Tuesday, November 10, 2009

Love me good

As I have talked about on countless occasions, I usually hate the term "guilty pleasure." For something to be a guilty pleasure requires there to be a component of embarrassment to go along with the enjoyment of the pleasure, and I'm here to tell you, I'm over all that. When it comes to the things I like, love me of leave me, baby, I'm not apologizing. Or am I? Because the other day on my way to work, something shuffled up on my iPod that really DOES qualify as a guilty pleasure.

Once upon a time (well, more like about 6 years ago), I had a brief but intense flirtation with the music of Michael W. Smith. For those of you that don't know, Michael W. Smith is one of the biggest names in contemporary Christian music. He is frequently mentioned in the same breath as Amy Grant as both had some pop crossover success, although Amy Grant's crossover was much more successful as well as much more deleterious to her CCM career. Outside of the realm of CCM, Michael W. Smith is best known as the guy who gave us "Place In This World" which became a high school graduation song favorite throughout the 90s. He also had another minor hit in 1992, "I Will Be Here For You" which I remember kind of liking in spite of myself. Despite these dabblings, I never really liked him all that much because the nasal quality of his voice really turned me off (says the Stevie Nicks fan).

I don't really remember what it was exactly, but in 2002, I really started to consume his music. This was weird for me because really, even I can see that 99.9% of CCM is not all that good. Most of it is too earnest, too over-the-top and just plain too much for me. I have always preferred my religion more subtle than that, but Michael W. Smith was the big exception to this. My re-discovery of his music came at a time when I was taking a lot of comfort in religion and prayer. I was a new dad, just turned 30 and doing the obligatory "what the hell am I doing with my life?" Some of this had to do with the fact that I was participating in an online men's group which, while not explicitly religious in tone, definitely had underpinnings of Christian spirituality. Looking back, there were many times that it was almost fundamentalist in its discussions, but there was enough talk about relationships and sex and what not that I ignored the worst of it, taking what I needed and leaving the rest. I also had read up a bit on Smith's backstory, which is replete with stories of drug and alcohol addiction before the eventual (and very literal in this case) come-to-Jesus moment. I found this inspiring and felt like this was someone who was doing more than just talking the talk and someone who, I felt, had more than a bit in common with me (minus the drug and alcohol addiction.)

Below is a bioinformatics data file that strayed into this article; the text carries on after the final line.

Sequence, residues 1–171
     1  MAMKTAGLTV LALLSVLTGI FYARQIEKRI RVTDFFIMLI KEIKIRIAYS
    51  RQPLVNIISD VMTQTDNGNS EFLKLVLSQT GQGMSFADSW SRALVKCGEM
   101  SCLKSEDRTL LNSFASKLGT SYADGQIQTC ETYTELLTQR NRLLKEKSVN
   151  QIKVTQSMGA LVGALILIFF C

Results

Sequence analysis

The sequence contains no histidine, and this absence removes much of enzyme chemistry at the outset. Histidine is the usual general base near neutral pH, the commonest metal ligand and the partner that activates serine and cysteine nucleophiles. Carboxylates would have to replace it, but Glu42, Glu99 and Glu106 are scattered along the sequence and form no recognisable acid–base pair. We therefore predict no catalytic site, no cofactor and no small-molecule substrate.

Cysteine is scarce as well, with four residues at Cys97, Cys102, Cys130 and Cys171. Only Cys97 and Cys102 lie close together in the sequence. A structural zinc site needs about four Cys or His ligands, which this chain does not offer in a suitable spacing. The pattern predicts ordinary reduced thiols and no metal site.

So why is this a guilty pleasure aside from the fact that I am probably would classify myself as agnostic? The reason this is a guilty pleasure is because of Smith's political beliefs. I find his fundamentalist, very conservative beliefs to be reprehensible and anathema to everything I believe in and stand for. I scoured the net trying to find an example of just a softening of his conservative ideology but I was unable to find it. What I did find is that he has associated himself with Sean Hannity. I'm sure that Smith is a very nice person who truly believes what he believes, but in the words of that classic 70s song, we just disagree. I just feel like someone who went through what he did should know better. I expected better. So whenever I listen to his music, I do feel a little bit guilty.